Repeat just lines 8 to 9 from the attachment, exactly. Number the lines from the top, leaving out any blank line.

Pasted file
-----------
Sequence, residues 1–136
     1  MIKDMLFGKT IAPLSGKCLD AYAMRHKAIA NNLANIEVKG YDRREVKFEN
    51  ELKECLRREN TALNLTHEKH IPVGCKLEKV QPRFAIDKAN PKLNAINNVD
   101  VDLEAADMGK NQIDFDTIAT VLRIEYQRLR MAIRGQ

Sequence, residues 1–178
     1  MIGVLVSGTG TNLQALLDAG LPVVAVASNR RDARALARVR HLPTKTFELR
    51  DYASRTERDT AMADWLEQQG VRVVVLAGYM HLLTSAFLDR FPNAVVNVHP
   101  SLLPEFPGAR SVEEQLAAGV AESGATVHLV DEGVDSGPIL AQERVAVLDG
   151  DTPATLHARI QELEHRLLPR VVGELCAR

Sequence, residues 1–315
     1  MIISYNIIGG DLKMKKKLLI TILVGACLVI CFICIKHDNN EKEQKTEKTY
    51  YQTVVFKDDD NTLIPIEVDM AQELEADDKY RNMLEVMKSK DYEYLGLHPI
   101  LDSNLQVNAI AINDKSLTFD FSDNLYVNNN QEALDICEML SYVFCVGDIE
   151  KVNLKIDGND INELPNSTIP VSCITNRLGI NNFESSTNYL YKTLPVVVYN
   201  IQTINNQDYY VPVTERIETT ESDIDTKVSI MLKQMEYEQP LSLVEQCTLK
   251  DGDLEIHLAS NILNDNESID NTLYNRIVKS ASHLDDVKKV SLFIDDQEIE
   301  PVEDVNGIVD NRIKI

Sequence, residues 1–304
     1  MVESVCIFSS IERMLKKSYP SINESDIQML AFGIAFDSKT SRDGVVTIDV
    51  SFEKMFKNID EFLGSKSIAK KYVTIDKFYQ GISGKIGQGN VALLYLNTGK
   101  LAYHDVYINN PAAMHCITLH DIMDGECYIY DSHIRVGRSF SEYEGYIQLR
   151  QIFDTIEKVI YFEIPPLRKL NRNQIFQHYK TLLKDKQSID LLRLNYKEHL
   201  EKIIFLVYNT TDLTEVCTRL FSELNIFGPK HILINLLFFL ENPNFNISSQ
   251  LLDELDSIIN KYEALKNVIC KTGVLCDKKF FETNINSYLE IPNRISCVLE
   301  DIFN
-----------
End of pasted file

   101  SLLPEFPGAR SVEEQLAAGV AESGATVHLV DEGVDSGPIL AQERVAVLDG
   151  DTPATLHARI QELEHRLLPR VVGELCAR